State v. Bellanger

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304 N.W.2d 282 (1981)

STATE of Minnesota, County of Hennepin, Respondent, v. Kenneth BELLANGER, Appellant.

No. 81-15.

Supreme Court of Minnesota.

February 25, 1981.

Wm. R. Kennedy, Hennepin County Public Defender, Minneapolis, for appellant.

Warren Spannaus, Atty. Gen., St. Paul, Thomas L. Johnson, County Atty., Minneapolis, for respondent.

Considered and decided by the court en banc without oral argument.

SHERAN, Chief Justice.

This appeal, pursuant to Minn.Stat. § 244.11 (1980) permitting appellate review *283 of sentences in criminal cases, is from a judgment of conviction of simple robbery, Minn.Stat. § 609.24 (1980), based on a negotiated plea of guilty. The sentencing court, in imposing a 48-month prison term, departed from the "presumptive sentence" of 30 months in prison adopted by the Sentencing Guidelines for one who is convicted of simple robbery and has a criminal history score of 3. The issue on appeal is whether the circumstances justified departure from the Sentencing Guidelines. We hold that they did not and reduce the sentence to the "presumptive sentence" of 30 months in prison established by the Sentencing Guidelines.

Recently, in State v. Garcia, 302 N.W.2d 643 (Minn.1981), in affirming a decision to depart, we summarized the approach taken by the Sentencing Guidelines, and summarized in detail the principles embodied in the Guidelines and purposes to be served by the Guidelines. We indicated that the trial court, in determining when to depart, should consider whether mitigating or aggravating circumstances are present, determine if they are "substantial or compelling circumstances" justifying departure, and then exercise its discretion and decide whether to depart; if the trial court decides to depart, it should make findings of fact and provide written reasons justifying its decision, in order that meaningful review of the court's decision to depart is possible.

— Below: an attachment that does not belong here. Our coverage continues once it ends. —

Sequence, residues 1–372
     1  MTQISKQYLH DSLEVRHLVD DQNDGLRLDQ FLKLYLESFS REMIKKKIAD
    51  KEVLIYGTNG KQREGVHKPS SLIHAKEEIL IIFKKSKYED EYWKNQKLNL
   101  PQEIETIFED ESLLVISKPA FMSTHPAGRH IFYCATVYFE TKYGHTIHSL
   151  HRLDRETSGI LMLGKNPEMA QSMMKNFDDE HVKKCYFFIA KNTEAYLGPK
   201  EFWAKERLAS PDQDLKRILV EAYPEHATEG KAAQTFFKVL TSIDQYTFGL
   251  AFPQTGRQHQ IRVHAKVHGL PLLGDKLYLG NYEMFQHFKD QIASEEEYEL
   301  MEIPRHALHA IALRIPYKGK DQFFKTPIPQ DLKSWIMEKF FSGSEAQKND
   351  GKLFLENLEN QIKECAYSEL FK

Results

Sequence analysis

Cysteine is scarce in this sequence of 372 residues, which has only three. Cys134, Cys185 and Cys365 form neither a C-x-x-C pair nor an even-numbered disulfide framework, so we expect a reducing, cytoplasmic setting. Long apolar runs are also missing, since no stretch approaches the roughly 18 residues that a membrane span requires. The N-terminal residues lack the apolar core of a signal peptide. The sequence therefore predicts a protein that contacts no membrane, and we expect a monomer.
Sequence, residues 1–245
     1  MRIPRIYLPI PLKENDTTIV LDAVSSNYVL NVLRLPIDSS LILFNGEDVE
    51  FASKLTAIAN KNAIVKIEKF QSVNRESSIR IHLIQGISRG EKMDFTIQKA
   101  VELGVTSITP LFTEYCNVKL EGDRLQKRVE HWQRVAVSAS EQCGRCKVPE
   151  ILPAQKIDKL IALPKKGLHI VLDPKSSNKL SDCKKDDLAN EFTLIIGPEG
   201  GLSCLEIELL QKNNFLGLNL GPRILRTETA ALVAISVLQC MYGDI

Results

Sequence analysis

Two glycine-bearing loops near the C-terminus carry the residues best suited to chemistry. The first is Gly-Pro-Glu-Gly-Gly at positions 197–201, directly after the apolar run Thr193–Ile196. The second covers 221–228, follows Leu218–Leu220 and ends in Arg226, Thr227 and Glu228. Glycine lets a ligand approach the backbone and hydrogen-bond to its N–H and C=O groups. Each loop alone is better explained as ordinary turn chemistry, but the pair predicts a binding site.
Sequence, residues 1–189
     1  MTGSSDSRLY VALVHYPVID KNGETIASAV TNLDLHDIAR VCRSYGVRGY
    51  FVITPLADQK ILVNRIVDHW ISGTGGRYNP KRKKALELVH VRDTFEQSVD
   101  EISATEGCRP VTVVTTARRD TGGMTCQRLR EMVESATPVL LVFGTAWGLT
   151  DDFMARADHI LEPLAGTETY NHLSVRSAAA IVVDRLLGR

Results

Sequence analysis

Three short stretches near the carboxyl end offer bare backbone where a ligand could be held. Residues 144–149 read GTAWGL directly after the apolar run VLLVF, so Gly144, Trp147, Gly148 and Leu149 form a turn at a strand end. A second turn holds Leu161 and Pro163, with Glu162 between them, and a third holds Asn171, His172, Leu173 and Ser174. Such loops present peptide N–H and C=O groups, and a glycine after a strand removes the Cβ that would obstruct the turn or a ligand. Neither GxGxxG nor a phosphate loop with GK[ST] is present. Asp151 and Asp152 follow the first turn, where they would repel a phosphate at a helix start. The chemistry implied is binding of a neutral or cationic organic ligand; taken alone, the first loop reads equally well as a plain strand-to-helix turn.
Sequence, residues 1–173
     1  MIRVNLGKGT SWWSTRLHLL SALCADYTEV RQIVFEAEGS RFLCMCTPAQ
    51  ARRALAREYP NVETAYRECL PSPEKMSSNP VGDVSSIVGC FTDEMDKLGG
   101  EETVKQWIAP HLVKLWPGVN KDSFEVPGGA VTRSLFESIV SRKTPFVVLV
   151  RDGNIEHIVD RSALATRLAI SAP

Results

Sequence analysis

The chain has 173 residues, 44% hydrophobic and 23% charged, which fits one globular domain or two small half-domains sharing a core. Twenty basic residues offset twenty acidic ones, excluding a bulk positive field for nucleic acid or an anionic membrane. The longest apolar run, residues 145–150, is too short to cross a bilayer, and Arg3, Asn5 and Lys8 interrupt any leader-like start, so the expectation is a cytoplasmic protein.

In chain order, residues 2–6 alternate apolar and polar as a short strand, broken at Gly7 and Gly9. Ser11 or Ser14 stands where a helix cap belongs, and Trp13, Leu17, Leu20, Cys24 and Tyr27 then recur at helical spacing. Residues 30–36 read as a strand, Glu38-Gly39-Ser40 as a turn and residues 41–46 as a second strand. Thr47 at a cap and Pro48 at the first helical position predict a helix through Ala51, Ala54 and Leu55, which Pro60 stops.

In Garcia, we held that the combined presence of two factors on which the trial court primarily relied the particularly cruel way in which the defendant committed the crime and the fact that defendant was an extremely poor candidate for probation justified the trial court's refusal to sentence the defendant to the "presumptive sentence" of 26 months with execution stayed and the trial court's imposition of a 45-month prison term instead.

Here, the trial court expressed the view that "there is a great deal too much made of regularity and conformity in sentencing" and his belief that the presumptive sentence of 30 months in prison adopted by the Sentencing Guidelines for one who commits a simple robbery and has a criminal history score of 3 is too lenient. For that primary reason, the court departed from the presumptive sentence and imposed a 48-month prison term. General disagreement with the Guidelines or the legislative policy on which the Guidelines are based does not justify departure. Our examination of the record satisfies us that there were no "substantial and compelling" circumstances present in this case which would justify the increased sentence. Accordingly, defendant's sentence is reduced to that adopted by the Sentencing Guidelines Commission of 30 months in prison.

Sentence reduced.